The Case of the Lost Luther Reference – Solved

 an observation by John W. Berg

(This article was originally published in October 2005)


Now, most within the guild scanning the contents of this, the swan song of this modern day nightingale (such hubris!), the Magpie, seeing “Lost Luther Reference” will automatically think, “ah, Tom. IV, Jena” and assume this will be another attempt, and a cheeky one at that, to try to crack that historical nut, Jena German or Latin?


Well, thankfully, the case has already been cracked and you can read about it in the October 1979 issue of the Concordia Theological Quarterly or, if you are like me, have a child of seven years old find it for you on the internet on the Semper Reformanda web site. The sainted scholar Dr. Bjarne W. Teigen carefully and conclusively demonstrated that the ambiguous reference in the Formula of Concord, TD, VII 87, “Tom. IV, Jena,” is from the Latin of the Jena edition and which the Weimar edition correctly gives the proper folio pages, 585ff.


Now, if I haven’t already lost those outside the guild, perhaps the tease - “the Wolferinus correspondence” - will tell you why this seemingly insignificant reference, “Tom. IV, Jena,” has seen so much ink spilt over it.  And for those still at a loss, it involves the issue of the significance of the consecration, whether when the minister says “This is my body” we can say that the words the celebrant speaks are true or not, an issue still simmering between the Evangelical Lutheran Synod and its Big Brother, the Wisconsin Synod. The Wisconsin Synod says, “not so fast there, Olle, the words of consecration may be true, but only ‘proleptically’ so and until the reception one cannot say they are true.”  Wisconsin has great interest in making the case for the German and its efforts to prove that have fallen flat. (See my “Is Redividus: Some Thoughts on FC TD VII 78, the Synodical Conference and Bill Clinton” in Vol. II, 3 on that red herring issue of the “moment of presence.”)


But, I’m not going to talk about that. As I said, the one whom I was privileged to call friend solved that one and I am not capable of such scholarly pursuits (I guess I didn’t have to say that.) No, the “Lost Luther Reference” that I solved was: what is the reference to a quote attributed only to “Luther” offered by two Wisconsin Synod theologians in two separate writings to prove the idiosyncratic and thus sectarian view of what their synod calls the “public ministry.” Paul Kelm, late of their Synod Office Building and the director for a Wisconsin Synod program called “Spiritual Renewal,” (yes, something you might expect to find in Wisconsin with its pietistic roots… limbs, leaves, fruit and all) offers an unreferenced quote from “Luther” in an outline to support this point:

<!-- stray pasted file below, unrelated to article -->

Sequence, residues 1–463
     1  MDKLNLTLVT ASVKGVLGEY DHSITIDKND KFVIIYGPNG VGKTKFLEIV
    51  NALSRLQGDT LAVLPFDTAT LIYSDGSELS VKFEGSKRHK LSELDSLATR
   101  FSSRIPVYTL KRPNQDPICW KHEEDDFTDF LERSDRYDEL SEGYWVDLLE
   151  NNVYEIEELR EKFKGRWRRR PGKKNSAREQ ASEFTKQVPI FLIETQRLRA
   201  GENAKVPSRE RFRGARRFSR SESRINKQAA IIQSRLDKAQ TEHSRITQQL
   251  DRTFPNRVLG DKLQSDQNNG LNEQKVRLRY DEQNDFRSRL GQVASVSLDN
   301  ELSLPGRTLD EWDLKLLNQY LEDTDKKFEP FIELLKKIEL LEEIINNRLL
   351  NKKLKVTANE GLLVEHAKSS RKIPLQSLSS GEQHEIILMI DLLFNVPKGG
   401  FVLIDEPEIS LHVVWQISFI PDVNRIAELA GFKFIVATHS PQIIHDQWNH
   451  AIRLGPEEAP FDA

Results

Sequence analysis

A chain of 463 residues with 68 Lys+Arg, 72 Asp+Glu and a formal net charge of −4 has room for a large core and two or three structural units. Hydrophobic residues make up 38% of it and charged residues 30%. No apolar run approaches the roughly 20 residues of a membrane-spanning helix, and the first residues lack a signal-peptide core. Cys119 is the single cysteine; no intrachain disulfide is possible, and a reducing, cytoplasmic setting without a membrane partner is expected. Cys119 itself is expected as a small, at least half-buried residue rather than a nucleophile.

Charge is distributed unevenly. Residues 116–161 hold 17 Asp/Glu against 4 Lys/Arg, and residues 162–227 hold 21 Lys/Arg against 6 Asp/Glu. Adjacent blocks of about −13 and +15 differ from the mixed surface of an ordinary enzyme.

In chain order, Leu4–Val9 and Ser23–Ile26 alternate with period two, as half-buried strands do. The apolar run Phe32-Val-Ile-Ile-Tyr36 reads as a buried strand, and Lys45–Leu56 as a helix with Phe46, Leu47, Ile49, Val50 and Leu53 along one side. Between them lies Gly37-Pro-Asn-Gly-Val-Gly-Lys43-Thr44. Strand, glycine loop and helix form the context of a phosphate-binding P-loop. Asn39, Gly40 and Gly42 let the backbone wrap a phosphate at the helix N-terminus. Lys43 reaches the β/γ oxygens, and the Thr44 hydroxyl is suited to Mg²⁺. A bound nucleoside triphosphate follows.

Baptism is the “ordination” of every believer into ministry (I Peter 2:9; Romans 12:1)


This was a lay ministry he was endeavoring us preachers to excite, enthuse and endorse with this Lutherian imprimatur:


In the New Testament the Holy Spirit carefully avoids giving the name sacerdos, priest, to any of the apostles, or to any other office. Rather, he applies this name to the baptized, or Christians, as their birthright and hereditary name from baptism. For in baptism none of us is born an apostle, preacher, teacher, pastor; but there all of us are born solely priests.  – Luther


Can’t argue with that. Interestingly, the exact same unreferenced quote also simply attributed to “Luther” can  be found in a study by David Vallesky, a former Wisconsin seminary president, entitled “Gifted to Serve” on what Dr. Kurt Marquart calls the “spiritual gifts scheme” (where one, even a woman, may look within themselves to see whether they have the “gift” of being a pastor, this by means of a rate yourself from 0 – 5 test with such probative statements as you “find that other Christians are able to relate to me and follow my leading.”)